ABUJA (Reuters) – The Niger Delta Avengers militant group on Wednesday rejected an offer of talks with the government to end its attacks on oil facilities and also said it had blown up a Chevron well in the delta.
Attacks by militants on oil and gas pipelines in the southern Delta swamps have brought Nigeria’s oil output to a 20-year lows and helped to push oil prices to 2016 highs on Tuesday. [O/R]
Nigeria’s oil minister had said on Tuesday the government would start talks with the Niger Delta Avengers which has claimed responsibility for a string of attacks in the Delta.
The Niger Delta Avengers rejected the offer of talks on its Twitter account. “We’re not negotiating with any committee,” the group said. “If the Fed (Federal) Govt (Government) is discussing with any group they’re doing that on their own.”
The Avengers said it had blown up a Chevron well called “RMP 20” located next to the Dibbi flow station in the Warri area in the Delta at 0100 a.m. local time. It has previously attacked Chevron, Shell and ENI facilities.
“The attack on Chevron’s RMP 20 is confirmed,” said local community leader Chief Godspower Gbenekema. “The place is on fire.” Chevron, citing long-standing policy, declined to comment.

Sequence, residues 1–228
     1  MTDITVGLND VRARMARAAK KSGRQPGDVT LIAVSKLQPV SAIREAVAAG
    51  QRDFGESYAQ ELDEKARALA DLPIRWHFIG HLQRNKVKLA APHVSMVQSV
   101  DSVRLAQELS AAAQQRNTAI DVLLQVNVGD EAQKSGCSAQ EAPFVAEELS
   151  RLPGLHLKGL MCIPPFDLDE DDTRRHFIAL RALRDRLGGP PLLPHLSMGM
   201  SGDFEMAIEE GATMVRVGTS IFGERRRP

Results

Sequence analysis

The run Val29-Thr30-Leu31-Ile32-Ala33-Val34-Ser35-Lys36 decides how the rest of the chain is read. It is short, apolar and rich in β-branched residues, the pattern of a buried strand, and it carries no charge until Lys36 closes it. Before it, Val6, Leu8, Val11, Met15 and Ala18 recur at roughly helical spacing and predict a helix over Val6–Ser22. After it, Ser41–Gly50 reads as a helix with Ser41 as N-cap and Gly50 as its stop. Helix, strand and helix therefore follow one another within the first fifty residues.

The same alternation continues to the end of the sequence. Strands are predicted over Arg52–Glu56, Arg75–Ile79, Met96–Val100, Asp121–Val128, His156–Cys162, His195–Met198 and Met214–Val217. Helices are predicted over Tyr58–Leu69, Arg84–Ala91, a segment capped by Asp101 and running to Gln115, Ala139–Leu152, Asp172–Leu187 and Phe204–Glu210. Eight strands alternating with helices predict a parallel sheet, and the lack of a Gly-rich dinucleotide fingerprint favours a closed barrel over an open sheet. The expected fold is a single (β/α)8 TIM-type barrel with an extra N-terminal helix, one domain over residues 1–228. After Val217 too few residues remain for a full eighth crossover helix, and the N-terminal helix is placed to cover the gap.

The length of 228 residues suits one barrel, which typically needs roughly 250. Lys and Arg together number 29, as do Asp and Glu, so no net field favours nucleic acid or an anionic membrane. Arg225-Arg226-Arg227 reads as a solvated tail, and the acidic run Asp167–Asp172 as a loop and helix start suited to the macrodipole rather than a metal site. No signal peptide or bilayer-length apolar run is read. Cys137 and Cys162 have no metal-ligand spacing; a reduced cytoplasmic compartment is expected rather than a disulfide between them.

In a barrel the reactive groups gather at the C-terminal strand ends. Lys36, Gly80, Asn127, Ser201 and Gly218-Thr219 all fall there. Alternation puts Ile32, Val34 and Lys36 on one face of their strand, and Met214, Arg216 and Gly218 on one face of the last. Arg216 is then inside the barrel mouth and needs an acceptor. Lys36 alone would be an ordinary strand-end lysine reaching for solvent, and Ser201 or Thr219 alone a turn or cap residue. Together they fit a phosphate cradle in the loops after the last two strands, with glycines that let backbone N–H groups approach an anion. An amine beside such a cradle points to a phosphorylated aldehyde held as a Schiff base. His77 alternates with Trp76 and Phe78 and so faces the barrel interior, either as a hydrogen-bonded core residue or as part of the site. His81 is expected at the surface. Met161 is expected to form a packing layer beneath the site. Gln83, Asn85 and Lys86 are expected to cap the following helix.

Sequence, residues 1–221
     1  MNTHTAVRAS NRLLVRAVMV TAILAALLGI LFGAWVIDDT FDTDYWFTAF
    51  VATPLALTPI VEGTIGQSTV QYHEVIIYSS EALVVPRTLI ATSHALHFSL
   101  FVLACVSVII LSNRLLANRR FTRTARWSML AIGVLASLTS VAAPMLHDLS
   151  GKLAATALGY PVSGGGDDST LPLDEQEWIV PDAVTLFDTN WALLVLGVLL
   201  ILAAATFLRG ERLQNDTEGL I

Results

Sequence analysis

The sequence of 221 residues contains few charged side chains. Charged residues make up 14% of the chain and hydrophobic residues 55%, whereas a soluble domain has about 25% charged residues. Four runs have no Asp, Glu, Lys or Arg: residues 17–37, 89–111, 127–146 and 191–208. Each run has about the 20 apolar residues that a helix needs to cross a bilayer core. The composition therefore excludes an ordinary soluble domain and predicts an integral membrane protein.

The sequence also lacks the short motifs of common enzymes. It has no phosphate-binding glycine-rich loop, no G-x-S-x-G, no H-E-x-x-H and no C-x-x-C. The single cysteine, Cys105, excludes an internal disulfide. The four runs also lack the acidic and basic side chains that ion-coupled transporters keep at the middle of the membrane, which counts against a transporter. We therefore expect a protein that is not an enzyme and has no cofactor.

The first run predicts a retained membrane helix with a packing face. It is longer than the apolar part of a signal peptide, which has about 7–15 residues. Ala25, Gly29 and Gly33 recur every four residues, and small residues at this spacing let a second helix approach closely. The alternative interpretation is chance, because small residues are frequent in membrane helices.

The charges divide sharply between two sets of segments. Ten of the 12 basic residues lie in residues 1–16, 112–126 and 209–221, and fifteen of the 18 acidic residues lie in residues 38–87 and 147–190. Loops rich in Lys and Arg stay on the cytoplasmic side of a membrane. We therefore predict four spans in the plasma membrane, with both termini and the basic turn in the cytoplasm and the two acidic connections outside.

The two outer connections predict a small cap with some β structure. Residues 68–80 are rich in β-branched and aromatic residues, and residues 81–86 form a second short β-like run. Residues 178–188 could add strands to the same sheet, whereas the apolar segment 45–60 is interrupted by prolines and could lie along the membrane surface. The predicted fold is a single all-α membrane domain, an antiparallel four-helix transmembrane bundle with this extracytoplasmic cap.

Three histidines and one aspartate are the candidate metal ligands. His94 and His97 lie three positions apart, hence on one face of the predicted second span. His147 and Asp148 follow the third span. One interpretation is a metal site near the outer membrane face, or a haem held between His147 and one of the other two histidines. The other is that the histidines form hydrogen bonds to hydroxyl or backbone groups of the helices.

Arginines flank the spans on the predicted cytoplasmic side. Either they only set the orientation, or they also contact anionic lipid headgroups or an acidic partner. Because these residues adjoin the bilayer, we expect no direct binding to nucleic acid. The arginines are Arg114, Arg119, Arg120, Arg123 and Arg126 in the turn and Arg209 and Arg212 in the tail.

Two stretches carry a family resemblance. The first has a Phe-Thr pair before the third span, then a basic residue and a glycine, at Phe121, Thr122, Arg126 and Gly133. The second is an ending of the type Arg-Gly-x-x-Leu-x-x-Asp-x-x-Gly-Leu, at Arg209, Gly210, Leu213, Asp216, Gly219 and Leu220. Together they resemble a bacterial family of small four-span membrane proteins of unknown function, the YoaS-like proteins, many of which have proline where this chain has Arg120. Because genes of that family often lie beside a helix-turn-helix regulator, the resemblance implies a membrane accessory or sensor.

While Chevron is the third-largest oil producer in Nigeria, its biggest production streams are offshore, which has mitigated the immediate impact on oil output from the spate of attacks on its infrastructure.
A group of former Niger Delta militant leaders issued a statement on Wednesday condemning the actions of the Avengers and urging them and other groups to “re-consider their activities”.
“We enjoin our brothers to give peace a chance, lay down their arms and accept the offer for a meaningful dialogue,” said the Leadership, Peace and Cultural Development Initiative.
(Reporting by Ulf Laessing, in Abuja, and Tife Owolabi, in Yenagoa and Anamesere Igboeroteonwu, in Onitsha and Libby George, in London; Writing by Ulf Laessing and Alexis Akwagyiram; Editing by Jane Merriman and William Hardy)
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